In McMillan v Bate Chubb & Dickson Incorporated (299/2020)  ZASCA 45 (15 April 2021)
The Supreme Court of Appeal (SCA) dismissed with costs an appeal brought by Mr
Bruce Gordon McMillan (Mr McMillan) against Bate Chubb & Dickson Incorporated and upheld
the decision of the Eastern Cape Division of the High Court, East London (the high court).
The issue before the SCA was whether, as at the time of service of the summons on 13
October 2017, in respect of an action instituted by Mr McMillan against the respondent, a law
firm, for damages for breach of an oral mandate, the appellant’s claim had become prescribed.
During or about November 1998, and at East London, the appellant and the respondent
entered into an oral agreement in terms of which the appellant gave the respondent an oral
mandate to prepare an antenuptial contract for the purposes of regulating the financial affairs
of the intended marriage between the appellant and one Rosemary Lois Jannaway, the
appellant’s former wife. On 13 October 2017, the appellant instituted action in the high court
against the respondent for damages for breach of the oral mandate.
The appellant alleged that the respondent failed to prepare the antenuptial contract in accordance with their instructions. He averred that the respondent in fact drew up an antenuptial contract, which was, in a later divorce action, declared to be void ab initio. The respondent alleged that prescription started running on 9 or 12 May 2014, when the respondent advised the appellant to consult a different attorney, as he had a potential claim against the respondent, and not on 18 October 2016, when the divorce court declared that the antenuptial contract was invalid, as contended by the appellant. The respondent claimed that the three-year prescription period ended on 12 May 2017. On that premise, by the time the summons was served on the respondent, his claim had prescribed.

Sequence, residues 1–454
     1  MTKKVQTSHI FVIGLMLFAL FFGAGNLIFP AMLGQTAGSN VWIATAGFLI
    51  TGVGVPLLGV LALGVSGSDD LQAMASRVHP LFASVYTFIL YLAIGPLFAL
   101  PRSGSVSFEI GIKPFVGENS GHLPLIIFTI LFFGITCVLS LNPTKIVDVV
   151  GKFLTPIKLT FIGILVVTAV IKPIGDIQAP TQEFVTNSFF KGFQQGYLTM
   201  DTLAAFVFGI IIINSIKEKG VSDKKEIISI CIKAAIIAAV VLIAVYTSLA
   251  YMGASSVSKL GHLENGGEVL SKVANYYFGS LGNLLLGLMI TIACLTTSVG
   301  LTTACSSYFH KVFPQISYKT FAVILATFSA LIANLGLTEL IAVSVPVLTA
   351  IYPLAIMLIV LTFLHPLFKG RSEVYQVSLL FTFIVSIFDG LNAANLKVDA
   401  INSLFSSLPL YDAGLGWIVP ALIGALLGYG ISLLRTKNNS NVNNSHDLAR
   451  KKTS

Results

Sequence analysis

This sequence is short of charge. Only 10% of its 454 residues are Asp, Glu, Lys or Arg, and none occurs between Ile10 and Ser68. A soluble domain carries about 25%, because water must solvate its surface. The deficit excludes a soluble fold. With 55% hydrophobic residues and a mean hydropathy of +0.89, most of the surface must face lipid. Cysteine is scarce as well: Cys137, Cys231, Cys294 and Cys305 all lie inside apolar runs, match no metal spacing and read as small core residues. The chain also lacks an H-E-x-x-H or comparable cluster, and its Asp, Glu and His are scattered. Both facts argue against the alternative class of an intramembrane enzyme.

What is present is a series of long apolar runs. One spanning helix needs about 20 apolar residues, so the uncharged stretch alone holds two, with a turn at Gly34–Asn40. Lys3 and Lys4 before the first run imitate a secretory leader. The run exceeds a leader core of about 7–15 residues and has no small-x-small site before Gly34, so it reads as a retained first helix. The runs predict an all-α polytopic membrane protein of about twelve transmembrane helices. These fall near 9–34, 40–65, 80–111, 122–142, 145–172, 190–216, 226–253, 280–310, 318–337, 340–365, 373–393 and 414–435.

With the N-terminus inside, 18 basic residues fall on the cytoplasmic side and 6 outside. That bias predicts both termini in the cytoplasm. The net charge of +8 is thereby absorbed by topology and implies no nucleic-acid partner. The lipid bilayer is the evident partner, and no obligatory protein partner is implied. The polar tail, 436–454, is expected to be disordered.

The SCA held that the appellant’s claim had become prescribed. This conclusion was based
on the finding that he acquired knowledge of all the material facts on which to institute his
claim against the respondent on 9 or 12 May 2014. Consequently, prescription began to run
on 9 or 12 May 2014 when the appellant was informed that there was a problem with the
antenuptial contract, which arose from the perceived conflict between the provisions of clause
4 and clause 5. The SCA held further that it may have been that the appellant had not
appreciated the legal consequences flowing from the facts, but his failure to do so did not
delay the date prescription commenced to run. Similarly, the respondent’s failure to concede
liability did not delay the date prescription began to run. The SCA found that, in the light of the
conclusion on the prescription point, which was dispositive of the appeal, it was unnecessary
to consider further issues raised in the separation order.